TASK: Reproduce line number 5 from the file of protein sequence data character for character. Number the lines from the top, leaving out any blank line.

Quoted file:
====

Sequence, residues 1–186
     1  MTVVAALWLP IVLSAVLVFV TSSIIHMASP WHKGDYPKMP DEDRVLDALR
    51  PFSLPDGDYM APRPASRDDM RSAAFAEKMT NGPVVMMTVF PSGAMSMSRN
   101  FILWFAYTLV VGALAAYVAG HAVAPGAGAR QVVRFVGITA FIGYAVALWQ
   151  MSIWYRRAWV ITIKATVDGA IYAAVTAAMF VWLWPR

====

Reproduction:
   151  MSIWYRRAWV ITIKATVDGA IYAAVTAAMF VWLWPR